A potted history of Burnham on Crouch and the Dengie Hundred

Burnham-on-Crouch lies on the River Crouch in the Dengie 100 peninsula which was an area of marsh and rich farmland.

There is evidence of considerable prehistoric activity with neolithic remains and bronze age burial sites found in the area. The Creeksea Cliffs area is especially rich in prehistoric history. With the coming of the Iron Age the 'hill fort' at Asheldham was established the remains of which can be seen today.

The Romans defeated the Trinovantes tribe who resided in the Dengie 100 and established their capital at nearby Colchester .Romans then colonised the area with the fort at nearby Bradwell-on-Sea and enclosures within Burnham itself.

The Romans were followed by the Saxons who farmed the land and built a wooden fish trap in the estuary at Bradwell which amazingly is still visible at low tides today.

St Cedd, an Irish Missionary, landed at Bradwell in AD 654 and established the Church of St Peters on the inner wall of the roman fortress. St Peters Chapel is still standing although only the earthworks of the roman fort remain.

On 11 August 991 AD  a Danish fleet landed at Northey Island to begin the famous battle at Northey Island (to the north of Dengie) Brithnoth who was Earl of East Anglia raised an army which was defeated by the Danish invaders . Brithnoth was killed in the battle and laid to rest in Latchingdon Church

In 1016 battle again threatened Burnham with Edmund Ironside's army fighting with  the Danish leader Canute at the battle of Ashingdon on the opposite bank of the Crouch. Once again the Danes were victorious pursuing the vanquished King Edmund across the Crouch until he escaped but to no avail as Canute was crowned King of England.

Following these battles the Daenningaes tribe occupied the area.

 In 1086 the Domesday Book listed Burnham as Burnheham .

The High Street was widened to allow for a market granted by Royal Charter in 1253 to the Fitzwilliam family who owned the manor. A four day fair was traditionally held in the High Street in Mid September.

In medieval times the town continued to expand to take advantage of sea borne trade with the Quay allowing direct access to warehouses.

By the 14th century the town had split into two parts with St Marys Church and the adjoining manor house sited about ¾ mile inland. St Marys Church was initially constructed from roman brick and flint with additions over the next 200 years to bring the church to the form which we see today.

In the 1500's the Harris Family were the dominant force with Edward Harris building Creeksea Place which remained in the family until the 19th century. This historic building is now the centrepiece to a Caravan Park. the sword od Sir William Harris is still to be seen displayed in the Church of Creeksea.

 In 1650 John Washington, son of the Vicar of Purleigh, was one of the first Englishmen to emigrate to America . His Great Grandson was George Washington the first President of USA.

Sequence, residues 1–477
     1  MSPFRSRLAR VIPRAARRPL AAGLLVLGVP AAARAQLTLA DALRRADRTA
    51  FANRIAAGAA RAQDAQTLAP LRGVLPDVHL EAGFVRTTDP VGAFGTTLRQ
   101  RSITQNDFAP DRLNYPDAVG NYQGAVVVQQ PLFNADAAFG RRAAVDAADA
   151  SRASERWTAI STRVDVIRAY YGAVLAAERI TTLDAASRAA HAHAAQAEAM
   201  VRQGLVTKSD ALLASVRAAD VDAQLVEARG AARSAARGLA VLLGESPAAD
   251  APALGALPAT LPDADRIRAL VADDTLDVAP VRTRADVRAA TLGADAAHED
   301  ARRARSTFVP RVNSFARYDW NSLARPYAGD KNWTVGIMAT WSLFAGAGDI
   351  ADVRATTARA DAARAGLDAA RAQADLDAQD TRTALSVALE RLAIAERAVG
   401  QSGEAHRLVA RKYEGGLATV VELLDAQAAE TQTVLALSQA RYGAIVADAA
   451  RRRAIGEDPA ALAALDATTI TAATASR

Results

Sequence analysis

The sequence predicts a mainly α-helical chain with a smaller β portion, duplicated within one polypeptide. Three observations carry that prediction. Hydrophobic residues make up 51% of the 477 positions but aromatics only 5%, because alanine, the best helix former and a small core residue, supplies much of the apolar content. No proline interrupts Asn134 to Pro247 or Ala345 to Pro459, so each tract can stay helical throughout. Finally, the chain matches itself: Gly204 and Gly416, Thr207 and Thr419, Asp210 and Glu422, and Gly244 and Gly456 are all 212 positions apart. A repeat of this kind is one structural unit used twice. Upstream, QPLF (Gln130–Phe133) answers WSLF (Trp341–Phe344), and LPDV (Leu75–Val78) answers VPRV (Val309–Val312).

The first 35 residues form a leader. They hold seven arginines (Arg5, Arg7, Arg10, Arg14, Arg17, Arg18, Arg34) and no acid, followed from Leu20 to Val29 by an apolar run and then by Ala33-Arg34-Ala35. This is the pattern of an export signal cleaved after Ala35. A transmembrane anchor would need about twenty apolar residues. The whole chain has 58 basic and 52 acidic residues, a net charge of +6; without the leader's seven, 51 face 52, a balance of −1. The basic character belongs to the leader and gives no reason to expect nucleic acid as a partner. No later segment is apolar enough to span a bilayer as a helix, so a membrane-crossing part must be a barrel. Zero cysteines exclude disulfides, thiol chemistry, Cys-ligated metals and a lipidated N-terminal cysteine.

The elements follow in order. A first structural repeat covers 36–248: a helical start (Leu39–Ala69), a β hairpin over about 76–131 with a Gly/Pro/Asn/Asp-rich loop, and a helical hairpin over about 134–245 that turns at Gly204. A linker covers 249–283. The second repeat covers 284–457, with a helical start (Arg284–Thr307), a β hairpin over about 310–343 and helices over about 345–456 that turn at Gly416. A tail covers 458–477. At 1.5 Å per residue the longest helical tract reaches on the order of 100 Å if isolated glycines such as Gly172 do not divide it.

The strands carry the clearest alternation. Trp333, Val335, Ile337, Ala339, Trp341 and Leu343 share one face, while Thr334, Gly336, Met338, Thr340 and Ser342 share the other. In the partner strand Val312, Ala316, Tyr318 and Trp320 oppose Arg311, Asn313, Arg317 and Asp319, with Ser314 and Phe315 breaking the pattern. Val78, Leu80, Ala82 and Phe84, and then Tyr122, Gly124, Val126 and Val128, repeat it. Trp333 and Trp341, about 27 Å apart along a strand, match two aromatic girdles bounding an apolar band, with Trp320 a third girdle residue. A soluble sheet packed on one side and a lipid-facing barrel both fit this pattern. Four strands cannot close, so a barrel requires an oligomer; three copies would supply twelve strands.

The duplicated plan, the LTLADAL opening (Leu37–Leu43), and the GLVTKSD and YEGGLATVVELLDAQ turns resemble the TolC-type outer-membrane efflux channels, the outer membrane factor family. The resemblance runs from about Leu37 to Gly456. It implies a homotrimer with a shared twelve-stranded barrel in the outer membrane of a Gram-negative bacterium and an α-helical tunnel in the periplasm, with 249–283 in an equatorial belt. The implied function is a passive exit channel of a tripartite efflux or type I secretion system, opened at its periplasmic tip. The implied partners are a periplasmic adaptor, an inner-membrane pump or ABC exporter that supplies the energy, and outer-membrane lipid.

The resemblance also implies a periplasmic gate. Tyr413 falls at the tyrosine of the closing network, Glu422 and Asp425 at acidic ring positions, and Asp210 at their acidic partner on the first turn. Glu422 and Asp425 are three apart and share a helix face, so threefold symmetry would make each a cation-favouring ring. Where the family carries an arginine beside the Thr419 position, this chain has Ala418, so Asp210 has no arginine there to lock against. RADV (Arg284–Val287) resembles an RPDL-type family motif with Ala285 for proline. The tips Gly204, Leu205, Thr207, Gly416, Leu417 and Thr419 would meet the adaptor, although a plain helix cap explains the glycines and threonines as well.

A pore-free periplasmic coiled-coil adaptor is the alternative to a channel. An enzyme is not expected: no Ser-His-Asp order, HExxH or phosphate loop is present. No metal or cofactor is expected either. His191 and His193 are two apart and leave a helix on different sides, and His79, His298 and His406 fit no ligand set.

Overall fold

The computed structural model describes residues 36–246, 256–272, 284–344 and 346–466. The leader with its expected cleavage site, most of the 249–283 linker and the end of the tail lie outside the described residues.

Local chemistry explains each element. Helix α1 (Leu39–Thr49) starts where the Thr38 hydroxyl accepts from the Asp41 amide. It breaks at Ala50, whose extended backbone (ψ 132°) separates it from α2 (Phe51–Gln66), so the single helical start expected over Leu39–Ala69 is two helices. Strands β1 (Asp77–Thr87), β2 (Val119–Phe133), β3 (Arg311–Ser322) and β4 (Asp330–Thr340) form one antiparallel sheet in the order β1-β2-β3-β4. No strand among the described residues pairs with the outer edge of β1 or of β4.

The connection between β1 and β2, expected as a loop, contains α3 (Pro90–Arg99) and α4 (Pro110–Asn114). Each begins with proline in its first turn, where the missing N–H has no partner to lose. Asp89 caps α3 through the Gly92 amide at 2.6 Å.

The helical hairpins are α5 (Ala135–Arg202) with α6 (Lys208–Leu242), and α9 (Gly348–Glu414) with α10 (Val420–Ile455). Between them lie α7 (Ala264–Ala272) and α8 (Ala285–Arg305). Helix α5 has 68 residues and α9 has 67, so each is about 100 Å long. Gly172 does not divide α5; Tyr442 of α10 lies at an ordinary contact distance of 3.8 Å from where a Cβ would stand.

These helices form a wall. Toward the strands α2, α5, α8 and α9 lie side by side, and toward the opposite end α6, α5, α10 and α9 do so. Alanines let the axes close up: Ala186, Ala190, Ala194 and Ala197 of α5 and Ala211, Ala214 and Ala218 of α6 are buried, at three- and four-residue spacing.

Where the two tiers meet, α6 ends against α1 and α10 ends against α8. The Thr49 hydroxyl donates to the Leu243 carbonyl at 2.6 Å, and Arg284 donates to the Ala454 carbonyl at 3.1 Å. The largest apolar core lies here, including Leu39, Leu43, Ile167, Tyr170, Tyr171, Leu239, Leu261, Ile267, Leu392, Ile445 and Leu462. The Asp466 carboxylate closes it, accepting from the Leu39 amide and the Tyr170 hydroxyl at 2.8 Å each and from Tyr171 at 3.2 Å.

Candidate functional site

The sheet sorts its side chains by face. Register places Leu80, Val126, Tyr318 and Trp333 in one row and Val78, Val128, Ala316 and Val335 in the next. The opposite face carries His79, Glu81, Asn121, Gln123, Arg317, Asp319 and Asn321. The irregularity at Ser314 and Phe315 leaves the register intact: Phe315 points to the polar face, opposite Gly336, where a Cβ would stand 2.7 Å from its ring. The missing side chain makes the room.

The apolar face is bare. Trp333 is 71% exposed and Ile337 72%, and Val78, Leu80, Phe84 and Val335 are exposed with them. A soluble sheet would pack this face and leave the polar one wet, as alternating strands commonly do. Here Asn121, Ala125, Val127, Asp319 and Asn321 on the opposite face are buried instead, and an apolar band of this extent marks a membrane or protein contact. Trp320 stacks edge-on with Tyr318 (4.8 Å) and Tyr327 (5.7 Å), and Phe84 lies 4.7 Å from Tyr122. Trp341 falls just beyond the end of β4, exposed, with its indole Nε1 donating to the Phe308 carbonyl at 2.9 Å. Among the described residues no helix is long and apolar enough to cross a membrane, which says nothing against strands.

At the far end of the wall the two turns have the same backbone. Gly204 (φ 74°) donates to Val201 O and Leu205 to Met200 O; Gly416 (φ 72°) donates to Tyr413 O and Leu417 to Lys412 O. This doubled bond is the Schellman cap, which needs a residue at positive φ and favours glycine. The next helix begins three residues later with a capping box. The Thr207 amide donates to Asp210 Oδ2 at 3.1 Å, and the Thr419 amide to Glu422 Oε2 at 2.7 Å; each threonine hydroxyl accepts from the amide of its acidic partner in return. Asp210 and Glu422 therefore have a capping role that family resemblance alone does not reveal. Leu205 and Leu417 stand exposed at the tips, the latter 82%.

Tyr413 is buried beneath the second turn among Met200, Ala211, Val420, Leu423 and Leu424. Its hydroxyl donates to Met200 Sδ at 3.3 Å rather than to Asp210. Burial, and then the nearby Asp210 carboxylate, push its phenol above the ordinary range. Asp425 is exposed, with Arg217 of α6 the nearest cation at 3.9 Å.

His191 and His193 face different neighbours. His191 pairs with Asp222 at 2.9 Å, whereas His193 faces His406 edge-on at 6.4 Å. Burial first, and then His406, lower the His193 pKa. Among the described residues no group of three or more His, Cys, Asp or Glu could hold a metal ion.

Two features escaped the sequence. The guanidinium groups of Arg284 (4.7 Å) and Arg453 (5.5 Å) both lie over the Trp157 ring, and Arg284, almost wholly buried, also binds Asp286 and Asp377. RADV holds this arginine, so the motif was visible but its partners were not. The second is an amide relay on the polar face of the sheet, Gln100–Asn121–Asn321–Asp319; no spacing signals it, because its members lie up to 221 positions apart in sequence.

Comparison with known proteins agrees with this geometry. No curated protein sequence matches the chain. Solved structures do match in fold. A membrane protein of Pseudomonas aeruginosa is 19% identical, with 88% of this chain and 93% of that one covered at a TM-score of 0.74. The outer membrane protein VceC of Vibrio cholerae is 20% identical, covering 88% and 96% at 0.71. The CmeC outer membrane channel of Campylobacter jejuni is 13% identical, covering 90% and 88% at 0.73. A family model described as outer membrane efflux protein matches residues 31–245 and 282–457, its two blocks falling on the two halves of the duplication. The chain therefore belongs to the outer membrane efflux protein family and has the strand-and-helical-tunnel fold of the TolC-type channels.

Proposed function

The Civil war saw the area supporting the Parliamentarians and in 1665 the Great Plague caused many villages to be abandoned. Sailors from Burnham and Bradwell were the only boats who still carried grain to London during the plague. For their courage they were honoured and allowed to land grain in London without duty for ever.

The River continued to dominate the town and fishing became a major force with the Mildmay family being granted the exclusive rights to the River Crouch by Charles 1 . In 1661 the rights to oyster beds in the River were leased to local companies and over the years Crouch Oysters came to national fame. By the late 1700's the Oyster beds were commanding large rents and employed many men some to cultivate and some to protect the oysters from thieves. The Oyster beds continued in production until comparatively recent time when pollution reduced the oysters to unprofitable levels.

The Industrial revolution saw reclamation of the marshes and much of the marsh was reclaimed for farming rather than summer grazing of sheep. Southminster became the dominant market in the area drawing people from as far afield as Rochford.

Smuggling continued to be a major cottage industry with battles between smugglers and coast guards a regular feature. The hulk of a boat called Kangaroo was moored on the site of the Royal Corinthian yacht Club to house the families of local Coast guards and on the opposite bank of the river Darwin's 'Beagle' served a similar purpose.

During the Napoleonic wars Burnham built sea defences with a battery of 24 pounder guns manned by the Sea Fencibles.

Contact with the outside world improved in 1800 when a coach route from Burnham to Southminster and Maldon was established which by 1848 had been expanded to Chelmsford.

The next major change was the coming of the railway in 1889 with a branch line from Wickford to Southminster passing through Burnham. Materials for the new railway were brought in on the River on Thames barges ironically utilising waterpower for the new railroad.

With a rise in national prosperity Yachting began to be fashionable in the late 1800's and the Royal Corinthian Yacht Club and London Sailing Clubs opened in 1892 . These clubs led to the development of boat building, sail makers and other allied industries which were to dominate the River front and with the commencement of 'Burnham Week' brought Burnham to national importance as a yachting centre.